On the 14th of June, the Water Peace and Security Partnership published a report on Iraq’s water sector which makes the case for three priorities in Iraq’s water sector.
With the election of a new parliament and the formation of a new government, the researchers argue, some opportunities are being opened to develop new policies and initiatives in the water sector.
Iraq’s water resources have faced enormous pressures over the past decades, and in 2021 the country experienced its second driest season in 40 years due to a record drought. In addition, over the last 40 years, water inflows from the Tigris and Euphrates rivers which are the main source of water for the country have decreased by 30-40%.
The Water Diplomat reported in April that agriculture is the main source of livelihood for more than 25% of the population, that strong declines in food production have been witnessed last year and that there has been an increase in rural-urban migration, with 1 million people internally displaced.
More than 90 of Iraq’s freshwater supply is sourced from the Euphrates and Tigris Rivers, but since the 1970’s, upstream riparian countries Turkey, Syria and Iran have developed large water infrastructure projects, reducing the inflow of water into Iraq.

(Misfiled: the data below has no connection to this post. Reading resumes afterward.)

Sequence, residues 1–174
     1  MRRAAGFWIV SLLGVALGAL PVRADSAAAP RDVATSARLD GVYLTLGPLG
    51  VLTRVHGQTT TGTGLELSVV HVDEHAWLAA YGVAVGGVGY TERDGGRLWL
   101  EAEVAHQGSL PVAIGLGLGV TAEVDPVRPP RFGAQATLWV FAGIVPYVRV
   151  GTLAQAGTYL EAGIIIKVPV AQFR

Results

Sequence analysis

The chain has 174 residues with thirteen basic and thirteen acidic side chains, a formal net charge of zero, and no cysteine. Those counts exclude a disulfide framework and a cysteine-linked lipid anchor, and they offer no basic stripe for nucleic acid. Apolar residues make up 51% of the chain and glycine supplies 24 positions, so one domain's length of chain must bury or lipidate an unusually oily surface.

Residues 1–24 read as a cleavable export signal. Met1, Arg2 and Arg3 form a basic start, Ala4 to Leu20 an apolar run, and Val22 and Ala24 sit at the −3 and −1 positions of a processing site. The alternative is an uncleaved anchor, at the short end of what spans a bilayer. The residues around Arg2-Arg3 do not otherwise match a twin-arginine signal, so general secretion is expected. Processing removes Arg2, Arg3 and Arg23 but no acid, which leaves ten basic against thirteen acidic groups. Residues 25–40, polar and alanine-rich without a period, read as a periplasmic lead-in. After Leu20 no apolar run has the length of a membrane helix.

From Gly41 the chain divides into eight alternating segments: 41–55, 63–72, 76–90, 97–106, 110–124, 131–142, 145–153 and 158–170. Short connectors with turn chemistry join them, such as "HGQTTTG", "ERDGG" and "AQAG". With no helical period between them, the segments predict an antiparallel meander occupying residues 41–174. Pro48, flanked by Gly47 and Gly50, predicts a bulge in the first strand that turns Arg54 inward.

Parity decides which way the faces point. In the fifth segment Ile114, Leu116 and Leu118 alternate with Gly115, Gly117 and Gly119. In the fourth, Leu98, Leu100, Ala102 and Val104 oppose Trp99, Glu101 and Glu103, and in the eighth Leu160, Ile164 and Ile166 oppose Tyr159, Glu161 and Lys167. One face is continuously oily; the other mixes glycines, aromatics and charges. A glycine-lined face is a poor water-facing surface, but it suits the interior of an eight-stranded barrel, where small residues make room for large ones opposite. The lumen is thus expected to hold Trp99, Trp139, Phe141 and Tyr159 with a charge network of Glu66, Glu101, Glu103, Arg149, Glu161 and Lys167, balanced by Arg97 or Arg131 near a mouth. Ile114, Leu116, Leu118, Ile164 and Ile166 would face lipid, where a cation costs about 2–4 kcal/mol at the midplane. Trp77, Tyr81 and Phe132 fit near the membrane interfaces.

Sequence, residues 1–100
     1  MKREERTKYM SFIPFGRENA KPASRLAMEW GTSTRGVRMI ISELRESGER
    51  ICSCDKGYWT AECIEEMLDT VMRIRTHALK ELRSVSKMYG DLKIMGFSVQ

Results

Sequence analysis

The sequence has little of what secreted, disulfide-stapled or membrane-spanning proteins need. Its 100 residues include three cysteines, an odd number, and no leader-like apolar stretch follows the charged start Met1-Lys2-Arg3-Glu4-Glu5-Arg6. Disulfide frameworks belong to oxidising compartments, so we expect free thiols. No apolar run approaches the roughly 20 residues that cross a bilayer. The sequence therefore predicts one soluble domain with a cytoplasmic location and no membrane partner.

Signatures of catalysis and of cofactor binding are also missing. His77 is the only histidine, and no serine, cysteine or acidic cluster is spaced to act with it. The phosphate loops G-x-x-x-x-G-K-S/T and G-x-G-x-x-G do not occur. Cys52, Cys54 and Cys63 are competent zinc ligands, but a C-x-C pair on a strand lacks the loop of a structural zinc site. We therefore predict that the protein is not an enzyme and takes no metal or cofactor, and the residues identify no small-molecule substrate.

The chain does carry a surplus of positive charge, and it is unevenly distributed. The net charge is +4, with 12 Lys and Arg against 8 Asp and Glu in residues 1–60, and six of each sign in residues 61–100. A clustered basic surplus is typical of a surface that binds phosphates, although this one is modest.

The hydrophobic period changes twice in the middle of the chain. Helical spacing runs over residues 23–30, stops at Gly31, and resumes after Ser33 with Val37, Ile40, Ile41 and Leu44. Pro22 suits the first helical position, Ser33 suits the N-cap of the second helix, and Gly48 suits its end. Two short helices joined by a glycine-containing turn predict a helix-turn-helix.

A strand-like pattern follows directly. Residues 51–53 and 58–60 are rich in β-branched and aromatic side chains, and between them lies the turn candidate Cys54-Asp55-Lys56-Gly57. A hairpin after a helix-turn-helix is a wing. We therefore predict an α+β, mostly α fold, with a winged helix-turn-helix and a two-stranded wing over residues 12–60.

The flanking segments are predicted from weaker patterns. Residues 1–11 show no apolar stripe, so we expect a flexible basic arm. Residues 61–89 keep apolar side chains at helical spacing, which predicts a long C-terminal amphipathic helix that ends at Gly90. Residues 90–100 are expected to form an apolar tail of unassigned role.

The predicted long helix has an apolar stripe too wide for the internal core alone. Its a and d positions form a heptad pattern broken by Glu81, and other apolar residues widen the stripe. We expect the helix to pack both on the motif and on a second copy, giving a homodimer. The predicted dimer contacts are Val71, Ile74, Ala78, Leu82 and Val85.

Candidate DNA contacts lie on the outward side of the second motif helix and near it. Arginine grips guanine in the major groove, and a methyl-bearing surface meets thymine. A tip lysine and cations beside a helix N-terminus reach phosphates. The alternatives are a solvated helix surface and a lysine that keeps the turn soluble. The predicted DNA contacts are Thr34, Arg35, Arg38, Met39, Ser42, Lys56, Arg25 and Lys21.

With the exception of two provisional bilateral water allocation agreements, there are no existing treaties or institutions which could lead to binding agreements over the shared water resources. In this context, the authors argue that it is important first of all for Iraq to keep water diplomacy channels with Turkey and Iraq open. There are options for cooperation available such as cooperation on climate adaptation and joint emergency response mechanisms which may be easier to achieve in the short term than comprehensive water sharing agreements.
Secondly, the authors argue that developing a comprehensive national response to water pollution could improve water security. Declining water quality has become a major challenge through the discharge of insufficiently treated wastewater, poor waste management, polluted agricultural runoff, and increased salinity. A combined approach is required that integrates issues with infrastructure, water quality monitoring, law enforcement, and public awareness.
Thirdly, there are opportunities to increase water use efficiency. Agriculture accounts for 91% of national water use and yet water use in agriculture is inefficient, with flood irrigation techniques dominating the sector. Similarly, oil production is a water intensive sector and contributes to water pollution due to the discharge of industrial wastewater into the environment.
The authors conclude that meaningful opportunities exist to address water insecurity in Iraq, but that this requires swift action from the national government in collaboration with local actors.